Iraq and 1,000 Deaths

Iraq and 1,000 Deaths

The price we are paying for George W. Bush’s unnecessary and illegal war in Iraq keeps rising: The number of Americans killed in the war has now passed the 1,000 mark.


The price we are paying for George W. Bush’s unnecessary and illegal war in Iraq keeps rising: The number of Americans killed in the war has now passed the 1,000 mark. And the price will keep rising until Washington accepts the fact that this is a war we cannot win–and that by trying to win it, we are only further radicalizing the Iraqi people and giving life to Islamic extremists by handing them the cause of Iraqi nationalism.

The Bush Administration had hoped that the transfer of power to the interim Allawi government would quell the opposition and set the stage for elections in January. But it has become increasingly clear that the Allawi regime lacks the legitimacy and support to stabilize the country. It has also become clear that America’s military presence continues to serve as a catalyst and rallying cry for a growing number of disaffected Iraqi citizens.

Indeed, since the “handover of sovereignty” at the end of June the resistance has grown in intensity and sophistication–August was the bloodiest month of the occupation, with 2,700 attacks on US troops and 1,100 soldiers wounded–and has come from more sectors of Iraqi society, both Sunni and Shiite. Reconstruction in many parts of the country has ground to a halt, and the last fifty or so international aid agencies operating in Iraq are said to be likely to leave, following the abduction of two Italian aid workers. At the same time, UN Secretary General Kofi Annan has told the Security Council that the violence in Iraq could make it more difficult to go ahead with the planned elections.

Faced with this situation, the Allawi government and American military commanders have had no choice but to effectively cede more and more areas to various resistance groups, including the cities of Ramadi, Falluja, Baquba and Samarra. They have been forced to do so not just to avoid American casualties but to avoid further inflaming Iraqi opinion, particularly over military actions in or near Islamic holy sites.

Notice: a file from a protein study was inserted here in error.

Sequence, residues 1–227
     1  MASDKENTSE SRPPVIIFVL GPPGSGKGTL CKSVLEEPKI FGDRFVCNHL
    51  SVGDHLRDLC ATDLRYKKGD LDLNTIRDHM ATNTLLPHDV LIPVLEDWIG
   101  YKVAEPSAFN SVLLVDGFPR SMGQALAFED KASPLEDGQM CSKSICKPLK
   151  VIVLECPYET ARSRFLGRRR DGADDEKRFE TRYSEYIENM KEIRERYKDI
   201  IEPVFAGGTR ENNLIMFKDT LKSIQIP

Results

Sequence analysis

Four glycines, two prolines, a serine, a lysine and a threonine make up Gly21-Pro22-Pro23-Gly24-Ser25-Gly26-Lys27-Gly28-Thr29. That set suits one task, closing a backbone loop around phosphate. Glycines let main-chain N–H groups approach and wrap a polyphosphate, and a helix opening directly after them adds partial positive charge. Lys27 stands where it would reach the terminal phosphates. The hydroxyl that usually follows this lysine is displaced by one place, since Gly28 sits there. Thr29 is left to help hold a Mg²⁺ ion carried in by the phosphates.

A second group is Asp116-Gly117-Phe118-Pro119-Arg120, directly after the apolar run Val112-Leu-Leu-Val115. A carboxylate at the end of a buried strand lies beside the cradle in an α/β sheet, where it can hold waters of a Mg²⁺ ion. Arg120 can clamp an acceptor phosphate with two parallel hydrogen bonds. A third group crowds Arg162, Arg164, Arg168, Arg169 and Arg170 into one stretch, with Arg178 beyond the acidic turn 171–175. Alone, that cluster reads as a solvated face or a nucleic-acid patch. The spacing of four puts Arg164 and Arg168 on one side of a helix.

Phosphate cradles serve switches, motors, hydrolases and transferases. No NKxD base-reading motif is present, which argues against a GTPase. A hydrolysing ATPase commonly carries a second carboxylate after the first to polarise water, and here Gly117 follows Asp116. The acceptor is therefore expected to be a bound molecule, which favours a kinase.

At this point, there is no military solution in Iraq. Nor is there a political solution as long as the American military presence and intentions remain the issue. Confronted with these realities, supporters of the war have argued that we must nonetheless soldier on through the bad times; otherwise, the argument goes, Iraq will be reduced to chaos and will become a breeding ground for terrorism and Islamic extremism. But Iraq is already a breeding ground for terrorism and is nearing chaos, with more than 10,000 Iraqi civilians dead, not to mention the many thousands more without jobs or basic services.

A continued American occupation will only accelerate that disintegration by further fusing Islamic radicalism with the cause of nationalism–not just in Iraq but throughout the region. In that sense, Iraq is not a quagmire; it is, rather, a massive explosion that threatens to destroy much of the political fabric of the region and with it any prospect for real peace and political reform.

We urge political and other leaders to join us in calling for Washington to begin to withdraw US forces and to renounce any interest in maintaining military bases or in exercising control over Iraq’s economy and oil resources, instead leaving the future of Iraq to the Iraqi people. Contrary to the views of those perpetuating the occupation, US disengagement from Iraq would not be a victory for terrorism or jihadism but for international law and the principle of popular sovereignty.

In going to war, many people in and around this Administration underestimated the power of nationalism and overestimated the power of the United States to shape the future of another people. In deciding whether to stay, they should not make the same mistake.

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